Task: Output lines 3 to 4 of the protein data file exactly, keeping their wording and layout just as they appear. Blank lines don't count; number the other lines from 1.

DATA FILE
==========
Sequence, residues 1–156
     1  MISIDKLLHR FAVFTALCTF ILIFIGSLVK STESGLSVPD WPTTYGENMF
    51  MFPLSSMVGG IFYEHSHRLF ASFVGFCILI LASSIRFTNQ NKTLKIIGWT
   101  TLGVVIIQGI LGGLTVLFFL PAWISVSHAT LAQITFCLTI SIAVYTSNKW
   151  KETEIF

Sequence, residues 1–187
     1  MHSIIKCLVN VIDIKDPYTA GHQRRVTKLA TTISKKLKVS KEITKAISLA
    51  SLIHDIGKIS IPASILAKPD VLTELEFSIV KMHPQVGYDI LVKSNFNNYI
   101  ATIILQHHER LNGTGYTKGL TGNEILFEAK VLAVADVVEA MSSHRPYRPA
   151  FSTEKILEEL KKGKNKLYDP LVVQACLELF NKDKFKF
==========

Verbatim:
    51  MFPLSSMVGG IFYEHSHRLF ASFVGFCILI LASSIRFTNQ NKTLKIIGWT
   101  TLGVVIIQGI LGGLTVLFFL PAWISVSHAT LAQITFCLTI SIAVYTSNKW